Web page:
According to data from CARFAX, the number of vehicles on the road with open recalls declined by 5% in 2020. However, more than 53 million vehicles continue to operate on American roads with a recall campaign that has not yet been completed. By their estimates, that accounts for approximately one in every five vehicles that can have potentially serious safety issues.
Case in point, a Jan 9 crash in North Carolina involving a 2002 Honda Accord has been determined to have caused a death due to the infamous Takata airbag inflator recall not yet performed – the 19th fatality since 2009 for the recalled component. An estimated 11 million have not been repaired yet with many in American models.
Some of the highest open recall percentages are in California (26% incomplete), Texas (24%), and Florida (24%). Whether in these states or elsewhere, it serves dealers well to address incomplete recalls not only among the customers they’ve sold cars to, but for car owners in their service area.
Text2Drive, a platform to drive traffic to dealerships, reports that average revenue from recall repair orders totaled $282.20 per RO in early 2019. However, generating sales through the service department is only one component of the process that benefits dealerships.
Revenue without the fight
The “free money” idea certainly has its appeal for dealers, especially any that might have lingering slowdowns due to economic issues. Although recalls are charged at warranty rate – notoriously low compared to CP shop rates, in many cases – they represent a beneficial injection of revenue for service departments that may be struggling.
Emphasizing customers’ safety
Yet, even busy dealers should be making a concerted effort to lower the number of open recalls in their area. It might be policy for service advisors to check each VIN for incomplete campaigns, is it truly happening? When it does, customers can see the dealership’s concern for their wellbeing as they are advised of campaigns that need to be corrected.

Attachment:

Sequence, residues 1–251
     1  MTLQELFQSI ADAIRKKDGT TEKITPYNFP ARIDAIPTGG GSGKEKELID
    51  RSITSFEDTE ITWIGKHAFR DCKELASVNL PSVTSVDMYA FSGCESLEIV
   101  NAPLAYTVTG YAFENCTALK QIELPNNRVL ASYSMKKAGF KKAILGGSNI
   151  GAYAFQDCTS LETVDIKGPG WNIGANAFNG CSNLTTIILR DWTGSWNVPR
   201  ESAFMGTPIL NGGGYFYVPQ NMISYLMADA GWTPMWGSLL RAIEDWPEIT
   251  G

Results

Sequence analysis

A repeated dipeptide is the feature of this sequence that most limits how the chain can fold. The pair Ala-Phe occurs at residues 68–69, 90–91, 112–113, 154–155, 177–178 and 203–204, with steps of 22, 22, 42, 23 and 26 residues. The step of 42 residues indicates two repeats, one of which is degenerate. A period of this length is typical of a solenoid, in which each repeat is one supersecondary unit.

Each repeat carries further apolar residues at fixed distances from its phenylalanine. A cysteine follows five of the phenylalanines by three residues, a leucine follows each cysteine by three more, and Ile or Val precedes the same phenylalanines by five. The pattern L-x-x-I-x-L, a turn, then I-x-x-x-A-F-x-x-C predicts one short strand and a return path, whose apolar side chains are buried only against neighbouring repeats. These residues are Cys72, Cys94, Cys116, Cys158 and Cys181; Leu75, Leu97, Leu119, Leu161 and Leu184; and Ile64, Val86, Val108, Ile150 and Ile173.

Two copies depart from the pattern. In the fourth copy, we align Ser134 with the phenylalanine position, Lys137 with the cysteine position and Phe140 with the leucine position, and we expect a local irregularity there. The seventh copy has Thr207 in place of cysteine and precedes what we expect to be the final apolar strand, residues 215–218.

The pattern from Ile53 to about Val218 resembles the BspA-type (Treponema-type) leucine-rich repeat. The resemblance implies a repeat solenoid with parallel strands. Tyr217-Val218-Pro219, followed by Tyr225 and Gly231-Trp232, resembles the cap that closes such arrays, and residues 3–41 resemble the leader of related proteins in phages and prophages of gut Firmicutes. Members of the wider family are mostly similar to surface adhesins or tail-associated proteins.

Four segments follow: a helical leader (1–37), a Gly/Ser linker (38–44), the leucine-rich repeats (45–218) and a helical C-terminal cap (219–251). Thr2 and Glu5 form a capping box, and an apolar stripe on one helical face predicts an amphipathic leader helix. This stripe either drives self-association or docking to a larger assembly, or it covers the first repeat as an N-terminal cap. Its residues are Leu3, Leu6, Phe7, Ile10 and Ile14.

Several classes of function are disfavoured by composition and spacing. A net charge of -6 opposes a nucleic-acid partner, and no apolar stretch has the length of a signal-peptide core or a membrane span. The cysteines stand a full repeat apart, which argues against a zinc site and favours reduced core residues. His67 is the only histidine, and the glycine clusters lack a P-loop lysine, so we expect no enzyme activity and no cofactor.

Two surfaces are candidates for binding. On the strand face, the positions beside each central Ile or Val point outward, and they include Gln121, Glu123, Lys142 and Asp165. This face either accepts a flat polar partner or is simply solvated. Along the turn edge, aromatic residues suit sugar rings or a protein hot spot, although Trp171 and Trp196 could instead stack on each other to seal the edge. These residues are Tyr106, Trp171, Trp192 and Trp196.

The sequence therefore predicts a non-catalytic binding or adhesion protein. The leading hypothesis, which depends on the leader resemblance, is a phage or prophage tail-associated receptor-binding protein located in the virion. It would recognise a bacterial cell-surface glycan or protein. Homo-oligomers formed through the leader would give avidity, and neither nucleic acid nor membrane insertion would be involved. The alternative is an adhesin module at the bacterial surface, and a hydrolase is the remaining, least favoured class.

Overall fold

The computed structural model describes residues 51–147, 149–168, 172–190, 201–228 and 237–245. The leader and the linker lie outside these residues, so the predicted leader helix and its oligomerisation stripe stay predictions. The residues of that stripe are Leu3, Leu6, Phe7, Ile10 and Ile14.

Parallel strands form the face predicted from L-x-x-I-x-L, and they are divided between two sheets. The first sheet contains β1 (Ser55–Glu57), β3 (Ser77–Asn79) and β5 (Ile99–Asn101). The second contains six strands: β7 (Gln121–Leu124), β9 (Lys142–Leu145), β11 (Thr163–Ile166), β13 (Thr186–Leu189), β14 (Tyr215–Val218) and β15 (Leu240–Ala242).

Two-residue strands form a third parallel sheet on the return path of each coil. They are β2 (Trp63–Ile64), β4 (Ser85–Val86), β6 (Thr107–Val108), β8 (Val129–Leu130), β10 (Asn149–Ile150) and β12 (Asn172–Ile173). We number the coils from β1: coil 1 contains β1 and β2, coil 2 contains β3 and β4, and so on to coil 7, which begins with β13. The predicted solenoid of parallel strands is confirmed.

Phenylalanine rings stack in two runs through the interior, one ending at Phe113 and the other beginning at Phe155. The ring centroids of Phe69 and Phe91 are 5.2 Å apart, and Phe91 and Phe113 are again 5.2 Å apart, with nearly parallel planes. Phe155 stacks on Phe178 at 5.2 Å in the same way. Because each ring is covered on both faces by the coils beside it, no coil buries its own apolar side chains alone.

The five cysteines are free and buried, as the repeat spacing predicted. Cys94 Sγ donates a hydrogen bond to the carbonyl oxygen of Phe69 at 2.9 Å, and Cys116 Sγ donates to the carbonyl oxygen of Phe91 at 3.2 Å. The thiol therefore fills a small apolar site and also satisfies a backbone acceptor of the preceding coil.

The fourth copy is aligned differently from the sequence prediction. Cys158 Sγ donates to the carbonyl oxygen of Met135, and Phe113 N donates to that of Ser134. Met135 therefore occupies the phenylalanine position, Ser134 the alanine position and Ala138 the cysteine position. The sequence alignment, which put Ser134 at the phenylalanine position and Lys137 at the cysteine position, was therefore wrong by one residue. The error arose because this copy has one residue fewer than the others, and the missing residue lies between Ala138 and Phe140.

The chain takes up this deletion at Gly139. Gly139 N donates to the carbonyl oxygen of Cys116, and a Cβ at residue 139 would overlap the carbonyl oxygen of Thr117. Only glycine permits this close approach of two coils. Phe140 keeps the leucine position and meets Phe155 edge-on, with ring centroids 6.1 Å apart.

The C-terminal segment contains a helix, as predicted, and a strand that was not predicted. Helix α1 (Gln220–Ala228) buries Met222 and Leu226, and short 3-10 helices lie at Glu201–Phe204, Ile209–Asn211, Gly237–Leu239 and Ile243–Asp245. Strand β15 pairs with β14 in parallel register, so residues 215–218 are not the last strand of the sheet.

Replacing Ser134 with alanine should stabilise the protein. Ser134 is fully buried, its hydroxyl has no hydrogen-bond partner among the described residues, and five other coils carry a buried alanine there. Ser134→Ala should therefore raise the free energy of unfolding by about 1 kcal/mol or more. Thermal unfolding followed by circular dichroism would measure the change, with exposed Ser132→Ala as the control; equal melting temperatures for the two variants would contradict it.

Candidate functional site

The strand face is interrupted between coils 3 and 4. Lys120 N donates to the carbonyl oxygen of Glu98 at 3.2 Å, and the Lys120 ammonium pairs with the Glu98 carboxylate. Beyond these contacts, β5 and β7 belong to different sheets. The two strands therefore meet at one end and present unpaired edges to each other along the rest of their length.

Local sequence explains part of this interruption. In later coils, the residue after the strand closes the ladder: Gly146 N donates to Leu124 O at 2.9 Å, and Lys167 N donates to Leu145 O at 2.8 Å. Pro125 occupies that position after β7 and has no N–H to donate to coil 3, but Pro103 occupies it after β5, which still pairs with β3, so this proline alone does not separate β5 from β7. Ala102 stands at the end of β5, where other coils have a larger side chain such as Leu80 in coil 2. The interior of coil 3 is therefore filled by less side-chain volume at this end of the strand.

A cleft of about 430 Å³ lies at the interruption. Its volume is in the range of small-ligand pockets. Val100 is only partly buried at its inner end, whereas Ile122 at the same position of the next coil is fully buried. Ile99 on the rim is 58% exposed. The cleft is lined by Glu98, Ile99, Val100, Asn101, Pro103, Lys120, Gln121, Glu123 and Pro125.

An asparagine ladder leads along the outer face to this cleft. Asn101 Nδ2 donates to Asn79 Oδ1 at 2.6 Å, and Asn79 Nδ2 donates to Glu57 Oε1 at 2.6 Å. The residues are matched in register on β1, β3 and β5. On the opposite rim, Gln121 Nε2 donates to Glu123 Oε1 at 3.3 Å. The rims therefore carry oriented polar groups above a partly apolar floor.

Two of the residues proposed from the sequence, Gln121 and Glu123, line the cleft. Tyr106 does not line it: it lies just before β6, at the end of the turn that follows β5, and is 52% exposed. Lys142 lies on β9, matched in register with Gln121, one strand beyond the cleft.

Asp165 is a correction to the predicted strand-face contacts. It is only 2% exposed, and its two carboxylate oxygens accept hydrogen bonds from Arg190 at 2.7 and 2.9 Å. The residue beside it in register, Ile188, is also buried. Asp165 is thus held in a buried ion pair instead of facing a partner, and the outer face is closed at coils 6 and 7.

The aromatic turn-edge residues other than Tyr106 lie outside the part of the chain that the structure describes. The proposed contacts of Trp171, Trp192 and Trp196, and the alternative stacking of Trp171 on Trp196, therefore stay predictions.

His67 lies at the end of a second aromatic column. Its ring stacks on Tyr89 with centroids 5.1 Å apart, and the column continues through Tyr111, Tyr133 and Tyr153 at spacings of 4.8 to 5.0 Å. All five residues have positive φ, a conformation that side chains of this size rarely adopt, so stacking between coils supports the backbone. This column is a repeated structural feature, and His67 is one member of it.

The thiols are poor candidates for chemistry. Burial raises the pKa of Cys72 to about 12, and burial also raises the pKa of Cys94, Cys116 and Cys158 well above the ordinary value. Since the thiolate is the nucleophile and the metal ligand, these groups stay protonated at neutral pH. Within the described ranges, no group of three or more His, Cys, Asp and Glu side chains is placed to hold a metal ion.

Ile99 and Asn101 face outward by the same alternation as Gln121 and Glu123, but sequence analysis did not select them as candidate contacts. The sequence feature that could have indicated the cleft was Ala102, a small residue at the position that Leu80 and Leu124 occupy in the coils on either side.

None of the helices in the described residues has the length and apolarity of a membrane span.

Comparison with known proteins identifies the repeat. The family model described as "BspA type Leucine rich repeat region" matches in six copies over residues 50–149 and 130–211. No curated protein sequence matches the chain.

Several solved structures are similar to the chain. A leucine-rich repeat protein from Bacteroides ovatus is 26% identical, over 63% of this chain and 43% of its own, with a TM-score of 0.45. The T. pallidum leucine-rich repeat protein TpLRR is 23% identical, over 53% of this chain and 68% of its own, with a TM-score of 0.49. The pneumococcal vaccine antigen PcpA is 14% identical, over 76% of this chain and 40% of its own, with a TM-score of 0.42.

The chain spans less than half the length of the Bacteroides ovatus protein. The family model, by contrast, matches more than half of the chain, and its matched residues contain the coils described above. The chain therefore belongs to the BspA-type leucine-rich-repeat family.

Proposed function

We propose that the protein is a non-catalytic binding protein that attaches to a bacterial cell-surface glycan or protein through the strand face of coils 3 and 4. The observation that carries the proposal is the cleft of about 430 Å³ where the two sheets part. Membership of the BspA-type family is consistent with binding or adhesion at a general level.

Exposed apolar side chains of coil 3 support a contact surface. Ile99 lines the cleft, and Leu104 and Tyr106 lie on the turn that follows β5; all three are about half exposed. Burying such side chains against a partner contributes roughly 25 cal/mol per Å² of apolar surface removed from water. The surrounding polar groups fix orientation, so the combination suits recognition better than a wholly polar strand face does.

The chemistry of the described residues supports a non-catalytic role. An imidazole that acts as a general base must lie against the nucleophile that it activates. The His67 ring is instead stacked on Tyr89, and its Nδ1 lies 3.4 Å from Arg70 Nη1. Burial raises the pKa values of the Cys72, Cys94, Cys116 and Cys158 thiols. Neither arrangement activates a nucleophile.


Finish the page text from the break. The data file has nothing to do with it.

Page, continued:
For those who are seeking to bring in recall-only customers, it can begin to change their perspective from ‘stealership’ to caring dealership.
Potential for CP sales
Of course, service advisors and technicians can jump on the opportunity for upsells and advising about repairs that need to be completed. Uptake on upsells is typically at a much lower rate for recall campaigns, but the potential exists for the possibility of minor CP work on the same visit or during a subsequent appointment. It shouldn’t be the motivation for a recall push, though.
An opportunity for a sales handoff
Getting customers with aging vehicles back into the dealership also provides the potential for vehicle sales. Again, the focus should be on creating safer roads in your vicinity but a select few of those owners might find their way into the showroom for a test drive or walkaround. At minimum, it activates them in your CRM for future sales initiatives or product releases at a dealership they’ve begun to trust.
Manufacturers provide dealerships with the means to contact customers with open recalls. Many of the car owners may not see the importance of booking an appointment at the initial release and may have forgotten about the notice, changed contact information, or traded in their vehicles. For those that accept the offer to have their recall performed, the no-cost repair provides the service department with opportunities.
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